How to Entangle the Universe in a Spider Web, spans two galleries within Museo de Arte Moderno de Buenos Aires (Moderno) with two immersive installations as the result of a decade’s worth of interdisciplinary artistic research. In both artworks, the visitor experiences the universe as represented by a network of interconnections in which each element expands and transforms the others, reconfiguring their material and social boundaries. Combining Saraceno’s interest in arachnology and astrophysics with sound and the visual arts, the project introduces museum visitors to a collective ‘cosmic concert’ that envelops the two spaces. Suspended filaments of webs and swirling formations of dust foreground a floating journey through the ‘cosmic web’ where endless connections that would otherwise be overlooked are made tangible.
In the installation The Cosmic Dust Spider Web Orchestra, visitors find themselves part of a rhythmic ensemble. A light beam makes cosmic dust visible in a dimly lit room. Through a live three-dimensional video recording, the floating dust particles are tracked and sonified. Their sounds, determined by their position and the speed at which they travel through space, are amplified and spatialized over a set of over 25 loudspeakers.
On the second floor of Moderno, the installation Quasi-Social Musical Instrument IC 342 built by 7000 Parawixia bistriata – six months, features the largest three-dimensional spider web ever exhibited. Here, as visitors wander through shiny filaments, galactic clouds and clusters appear as extended ripples of a micro- and macrocosmos of cooperation. Interconnected threads woven by thousands of quasi-social spiders from the Argentinian Parawixia bistriata species surround the visitor. These drawings in the air, made by an estimated 40 million threads, reveal the trajectory of cosmic dust particles.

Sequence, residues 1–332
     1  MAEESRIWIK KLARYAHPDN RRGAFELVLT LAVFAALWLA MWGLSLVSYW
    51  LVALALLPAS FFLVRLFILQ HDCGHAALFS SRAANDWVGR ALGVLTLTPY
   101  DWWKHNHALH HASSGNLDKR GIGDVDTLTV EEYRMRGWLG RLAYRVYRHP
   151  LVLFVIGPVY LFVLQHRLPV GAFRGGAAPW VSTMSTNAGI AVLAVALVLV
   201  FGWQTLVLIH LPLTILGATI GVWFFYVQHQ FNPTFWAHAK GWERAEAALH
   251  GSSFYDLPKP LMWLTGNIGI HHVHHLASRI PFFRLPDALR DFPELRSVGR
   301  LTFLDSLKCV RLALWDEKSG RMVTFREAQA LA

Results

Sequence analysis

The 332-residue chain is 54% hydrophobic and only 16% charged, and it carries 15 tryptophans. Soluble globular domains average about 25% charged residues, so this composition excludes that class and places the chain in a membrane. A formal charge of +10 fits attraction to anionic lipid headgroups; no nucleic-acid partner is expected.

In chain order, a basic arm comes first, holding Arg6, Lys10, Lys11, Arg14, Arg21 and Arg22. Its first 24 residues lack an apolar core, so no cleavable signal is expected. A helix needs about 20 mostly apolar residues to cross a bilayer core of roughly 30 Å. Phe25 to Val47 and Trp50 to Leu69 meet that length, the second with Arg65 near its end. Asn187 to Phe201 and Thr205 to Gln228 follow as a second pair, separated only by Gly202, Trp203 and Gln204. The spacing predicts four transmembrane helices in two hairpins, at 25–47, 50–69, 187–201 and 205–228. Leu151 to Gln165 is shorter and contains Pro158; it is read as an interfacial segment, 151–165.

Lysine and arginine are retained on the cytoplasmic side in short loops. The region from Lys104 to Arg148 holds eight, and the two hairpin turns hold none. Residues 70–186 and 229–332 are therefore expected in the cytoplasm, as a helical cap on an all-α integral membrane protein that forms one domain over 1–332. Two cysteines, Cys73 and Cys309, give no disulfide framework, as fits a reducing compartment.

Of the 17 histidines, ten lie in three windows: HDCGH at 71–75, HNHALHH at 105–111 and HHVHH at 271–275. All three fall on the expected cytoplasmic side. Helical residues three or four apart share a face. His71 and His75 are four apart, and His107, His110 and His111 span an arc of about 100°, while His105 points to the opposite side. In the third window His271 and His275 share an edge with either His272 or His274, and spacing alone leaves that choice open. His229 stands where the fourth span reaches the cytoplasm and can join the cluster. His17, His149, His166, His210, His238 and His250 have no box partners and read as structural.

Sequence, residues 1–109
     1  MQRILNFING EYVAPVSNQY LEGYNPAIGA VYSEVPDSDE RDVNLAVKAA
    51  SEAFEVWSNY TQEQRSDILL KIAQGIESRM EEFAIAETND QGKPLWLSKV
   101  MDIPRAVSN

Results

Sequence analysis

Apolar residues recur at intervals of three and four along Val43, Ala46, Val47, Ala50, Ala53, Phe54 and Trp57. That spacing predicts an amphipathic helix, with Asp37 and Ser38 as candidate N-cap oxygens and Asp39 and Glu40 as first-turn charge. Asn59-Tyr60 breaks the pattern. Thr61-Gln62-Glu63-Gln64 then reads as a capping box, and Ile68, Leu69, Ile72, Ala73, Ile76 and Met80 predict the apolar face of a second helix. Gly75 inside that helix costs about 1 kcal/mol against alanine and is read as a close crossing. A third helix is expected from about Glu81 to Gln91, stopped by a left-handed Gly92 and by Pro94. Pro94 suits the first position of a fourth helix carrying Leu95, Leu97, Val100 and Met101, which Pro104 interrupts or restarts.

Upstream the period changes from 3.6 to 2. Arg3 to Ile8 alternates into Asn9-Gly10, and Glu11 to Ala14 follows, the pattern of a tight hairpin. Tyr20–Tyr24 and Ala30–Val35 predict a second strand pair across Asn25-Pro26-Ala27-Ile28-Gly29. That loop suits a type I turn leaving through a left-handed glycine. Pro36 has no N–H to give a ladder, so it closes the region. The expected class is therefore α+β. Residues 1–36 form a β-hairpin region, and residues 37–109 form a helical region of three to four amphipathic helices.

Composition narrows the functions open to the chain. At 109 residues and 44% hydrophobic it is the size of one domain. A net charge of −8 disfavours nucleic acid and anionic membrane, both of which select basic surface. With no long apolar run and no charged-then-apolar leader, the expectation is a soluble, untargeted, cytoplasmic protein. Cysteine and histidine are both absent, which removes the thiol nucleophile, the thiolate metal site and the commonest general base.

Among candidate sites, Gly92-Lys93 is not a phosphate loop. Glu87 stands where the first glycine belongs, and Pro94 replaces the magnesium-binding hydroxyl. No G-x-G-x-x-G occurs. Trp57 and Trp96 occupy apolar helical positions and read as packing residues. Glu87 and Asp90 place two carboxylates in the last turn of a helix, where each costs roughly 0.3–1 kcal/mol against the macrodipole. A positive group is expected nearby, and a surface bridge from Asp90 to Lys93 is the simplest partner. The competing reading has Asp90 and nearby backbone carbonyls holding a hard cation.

“Silky airborne scores… constellations of musical notes made of cosmic dust, traces of movement in the air, trajectories of falling stars… a sonic journey… through multiverses… a 4 billions years old tour… cosmic resonance”
(Tomás Saraceno, 2016)
“To start, you must first blindfold yourself: the spider’s eyesight is very poor, her eyes are on the wrong side of her body to see the web’s lines as she hangs below them, and in any case she often works at night. (…) The air is highly viscous at the scale of the spider; for a human, an analogous situation would be building a web of elastic ropes under water. You must instead depend on the vagaries of the wind; you will have to launch new lines, allowing their tips to float away on irregular air currents.”
Process | Tomás Saraceno: How to Entangle the Universe in the Spider Web
For six months in 2016, Moderno housed specimens of the species Parawixia bistriata and witnessed how spiders inhabit a space. This species, hailing from Copo National Park located in the northeast of Santiago de Estero and from the Buenos Aires Province, generally weaves longer threads than other species – up to 15 metres long – and is one of the twenty-five species that demonstrate social, cooperative behaviour among the over 43.000 known species of arachnids across the world.
Publication | Tomás Saraceno: How to Entangle the Universe in the Spider Web
A publication including a series of texts was produced on occasion of the opening at Museo de Arte Moderno de Buenos Aires with contributions from Philip Ball, Fellx Bruzzone, Mauricio Corbaln Rodrigo Draz, Soffa Dourron, Sasha Engelmann, Marfa Galnza, Carlos Gamerro, Alex Jordan, Mylne Ferrand Lointier, Mathew Lutz, Derek MCC:onnack, PIAO Interdisciplinary Atmospheric Observatory, Martin Ramirez, Pablo Seman, Nicholas Shapiro Joi Thomson and Jeny Zee. The publication is a preview of a dialogue that will continue to develop and will be completed with other contributions to be included in the exhibition catalogue in 2017.
Press Selection | How to Entangle the Universe in a Spider Web
Ball, Philip. Animal Behavior: World of Webs. 16 March, 2016. Nature.
Chatruc, Celina. Tomás Saraceno: “El Arte Siempre Dispara, Uno Nunca Sabe Para Qué Lado”. 29 March, 2017. La Nacion.
Centenera, Mar. Un Labertino Cósmico Tejido por 7000 Aranas. 7 April, 2017. El Pais.
Isola, Laura. Aracnofilia: Devenir Animal. 16 April, 2017. Perfil.
Da Silva, José. Tomás Saraceno Collaborates with 7000 Spiders to Make Largest-ever Exhibited Web. 24 April 2017, The Art Newspaper.
Speranza, Graciela. Un concierto aracnocósmico. 8 May, 2017. El País.